Since my last post on the Ebola virus merely one week ago, the death toll in West Africa has risen from approximately 600 to close to 1,000, it has reached one more African country (Nigeria), and the first European to contract the virus was admitted to a hospital only yesterday. There are currently over 1,700 cases, and if not contained soon, Ebola will spread to even more countries and continents. Only today, the World Health Organization (WHO) declared the outbreak a “public health emergency of international concern” (PHEIC) in order to “[alert] the world to the need of high vigilance for possible cases of Ebola virus disease.”
“There are no nations! There is only humanity.” — Isaac Asimov (in I, Asimov: A Memoir)
In a tragedy born of gang violence in Honduras, Guatemala, and El Salvador, compounded by poverty, tens of thousands of children, many unaccompanied by an adult, are risking the treacherous journey across Mexico and to the United States.
What would our response be if we were to let human rights, including the right to health, be our primary policy guide? (I leave aside the fact that the United States has signed, but not ratified, the main international treaty containing the right to health, the International Covenant on Economic, Social and Cultural Rights.)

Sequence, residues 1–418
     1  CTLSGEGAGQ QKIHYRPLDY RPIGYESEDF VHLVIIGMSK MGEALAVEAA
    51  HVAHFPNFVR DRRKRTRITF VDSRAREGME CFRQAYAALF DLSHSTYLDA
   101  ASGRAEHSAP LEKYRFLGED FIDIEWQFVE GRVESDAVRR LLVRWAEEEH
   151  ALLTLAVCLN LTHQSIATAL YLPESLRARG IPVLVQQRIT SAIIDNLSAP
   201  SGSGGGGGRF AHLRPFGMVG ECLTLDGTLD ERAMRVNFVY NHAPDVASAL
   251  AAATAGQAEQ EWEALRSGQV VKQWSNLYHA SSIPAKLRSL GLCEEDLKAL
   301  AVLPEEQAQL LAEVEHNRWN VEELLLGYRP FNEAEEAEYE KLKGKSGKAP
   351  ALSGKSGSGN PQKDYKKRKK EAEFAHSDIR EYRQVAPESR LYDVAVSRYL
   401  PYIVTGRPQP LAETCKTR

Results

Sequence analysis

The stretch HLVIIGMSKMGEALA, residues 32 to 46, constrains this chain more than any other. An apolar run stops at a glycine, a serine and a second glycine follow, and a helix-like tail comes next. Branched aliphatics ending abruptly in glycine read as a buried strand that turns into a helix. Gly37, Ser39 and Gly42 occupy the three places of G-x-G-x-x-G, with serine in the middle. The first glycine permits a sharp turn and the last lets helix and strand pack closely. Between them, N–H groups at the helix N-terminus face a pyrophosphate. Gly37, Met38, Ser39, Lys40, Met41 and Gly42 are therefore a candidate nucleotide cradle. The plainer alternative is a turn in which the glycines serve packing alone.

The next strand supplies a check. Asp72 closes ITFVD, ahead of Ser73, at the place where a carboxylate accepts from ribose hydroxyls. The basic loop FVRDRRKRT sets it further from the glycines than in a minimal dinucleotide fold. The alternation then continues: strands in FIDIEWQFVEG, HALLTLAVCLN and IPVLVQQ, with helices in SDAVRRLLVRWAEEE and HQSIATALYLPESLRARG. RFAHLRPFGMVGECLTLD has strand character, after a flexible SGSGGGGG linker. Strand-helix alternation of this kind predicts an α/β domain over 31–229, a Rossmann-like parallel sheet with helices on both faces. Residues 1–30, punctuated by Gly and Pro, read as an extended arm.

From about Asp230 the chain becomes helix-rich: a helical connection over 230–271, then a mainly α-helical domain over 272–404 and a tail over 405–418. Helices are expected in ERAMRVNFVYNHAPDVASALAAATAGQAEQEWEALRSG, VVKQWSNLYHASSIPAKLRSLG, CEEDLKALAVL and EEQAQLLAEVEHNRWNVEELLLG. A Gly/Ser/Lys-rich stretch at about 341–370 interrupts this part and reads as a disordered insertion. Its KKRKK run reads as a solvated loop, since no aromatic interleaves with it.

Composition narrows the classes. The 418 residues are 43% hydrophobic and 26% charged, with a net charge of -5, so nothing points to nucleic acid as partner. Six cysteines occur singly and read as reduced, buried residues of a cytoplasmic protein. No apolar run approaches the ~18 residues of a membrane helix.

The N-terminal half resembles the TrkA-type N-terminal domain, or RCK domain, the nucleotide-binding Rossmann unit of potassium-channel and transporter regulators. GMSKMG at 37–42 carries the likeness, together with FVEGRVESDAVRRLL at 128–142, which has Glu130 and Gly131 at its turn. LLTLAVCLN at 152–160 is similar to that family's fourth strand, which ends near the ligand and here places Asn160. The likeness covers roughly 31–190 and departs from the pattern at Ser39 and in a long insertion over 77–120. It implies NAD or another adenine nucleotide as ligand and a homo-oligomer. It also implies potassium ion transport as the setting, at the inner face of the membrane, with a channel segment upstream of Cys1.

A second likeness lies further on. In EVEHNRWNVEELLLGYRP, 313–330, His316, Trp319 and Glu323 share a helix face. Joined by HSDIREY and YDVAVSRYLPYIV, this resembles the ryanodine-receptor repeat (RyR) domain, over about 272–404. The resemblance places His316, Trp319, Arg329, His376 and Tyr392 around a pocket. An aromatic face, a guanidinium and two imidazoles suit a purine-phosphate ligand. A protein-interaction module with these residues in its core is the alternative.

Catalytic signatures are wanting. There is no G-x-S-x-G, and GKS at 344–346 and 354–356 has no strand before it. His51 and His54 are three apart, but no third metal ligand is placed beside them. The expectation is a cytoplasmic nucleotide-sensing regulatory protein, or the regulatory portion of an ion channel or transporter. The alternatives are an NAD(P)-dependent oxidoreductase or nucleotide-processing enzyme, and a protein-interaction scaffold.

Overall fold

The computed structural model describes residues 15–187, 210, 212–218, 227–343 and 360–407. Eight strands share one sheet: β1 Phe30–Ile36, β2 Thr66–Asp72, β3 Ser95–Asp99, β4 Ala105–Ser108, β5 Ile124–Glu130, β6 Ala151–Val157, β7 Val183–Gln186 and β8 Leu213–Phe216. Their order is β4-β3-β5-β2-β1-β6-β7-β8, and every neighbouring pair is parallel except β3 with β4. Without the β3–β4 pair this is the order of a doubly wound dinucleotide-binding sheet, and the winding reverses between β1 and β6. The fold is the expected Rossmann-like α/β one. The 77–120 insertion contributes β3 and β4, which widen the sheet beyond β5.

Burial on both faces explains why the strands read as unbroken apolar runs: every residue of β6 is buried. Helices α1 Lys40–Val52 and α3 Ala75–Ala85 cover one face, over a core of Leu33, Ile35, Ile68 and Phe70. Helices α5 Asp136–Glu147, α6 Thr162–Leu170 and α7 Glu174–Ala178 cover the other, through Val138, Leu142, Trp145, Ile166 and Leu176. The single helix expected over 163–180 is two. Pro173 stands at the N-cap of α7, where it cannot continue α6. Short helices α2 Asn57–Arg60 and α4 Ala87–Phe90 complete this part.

Françoise Barré-Sinoussi, co-chair of the recently concluded 20th International AIDS Conference, believes that “[a]nti-gay laws in Russia, Uganda, Nigeria and other countries around the world will have ‘consequences’ for the continued spread of HIV around the world, potentially dashing hopes of eradicating the virus in the early 21st century.”
Apropos to the theme of the conference, activists, researchers, policymakers, donors, and celebrities challenged the rest of the world to “pick up the pace” to combat discrimination, stigma, and sustain momentum – political and financial – to fight HIV. While scientific, technical, infrastructural, and financial capacity were discussed and deliberated, little attention was paid to issue of legal capacity.